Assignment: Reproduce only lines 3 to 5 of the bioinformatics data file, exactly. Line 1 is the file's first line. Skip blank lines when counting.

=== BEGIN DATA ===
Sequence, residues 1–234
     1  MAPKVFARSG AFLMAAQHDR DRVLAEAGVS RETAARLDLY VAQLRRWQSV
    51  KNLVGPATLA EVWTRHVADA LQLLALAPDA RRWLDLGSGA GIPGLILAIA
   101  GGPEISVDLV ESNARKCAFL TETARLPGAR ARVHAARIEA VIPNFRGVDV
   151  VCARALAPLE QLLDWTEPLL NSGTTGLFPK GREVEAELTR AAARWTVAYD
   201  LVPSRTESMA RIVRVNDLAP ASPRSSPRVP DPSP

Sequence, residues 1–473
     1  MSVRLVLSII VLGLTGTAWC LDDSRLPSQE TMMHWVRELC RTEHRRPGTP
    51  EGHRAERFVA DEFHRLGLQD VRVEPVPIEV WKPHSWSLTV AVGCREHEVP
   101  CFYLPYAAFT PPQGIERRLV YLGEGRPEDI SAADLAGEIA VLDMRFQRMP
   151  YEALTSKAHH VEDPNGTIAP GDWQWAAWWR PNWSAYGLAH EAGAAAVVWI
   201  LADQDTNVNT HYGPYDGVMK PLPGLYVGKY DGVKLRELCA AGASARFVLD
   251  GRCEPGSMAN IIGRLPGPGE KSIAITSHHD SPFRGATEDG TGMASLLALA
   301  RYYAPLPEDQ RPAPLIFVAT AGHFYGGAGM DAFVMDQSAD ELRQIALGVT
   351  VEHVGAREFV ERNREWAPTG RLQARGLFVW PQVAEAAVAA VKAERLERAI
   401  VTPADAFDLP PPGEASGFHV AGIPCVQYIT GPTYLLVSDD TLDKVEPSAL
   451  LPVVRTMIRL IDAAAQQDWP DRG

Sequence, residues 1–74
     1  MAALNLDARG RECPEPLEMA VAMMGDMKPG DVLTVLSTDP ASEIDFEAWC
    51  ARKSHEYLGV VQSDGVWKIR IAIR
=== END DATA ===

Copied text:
    51  KNLVGPATLA EVWTRHVADA LQLLALAPDA RRWLDLGSGA GIPGLILAIA
   101  GGPEISVDLV ESNARKCAFL TETARLPGAR ARVHAARIEA VIPNFRGVDV
   151  VCARALAPLE QLLDWTEPLL NSGTTGLFPK GREVEAELTR AAARWTVAYD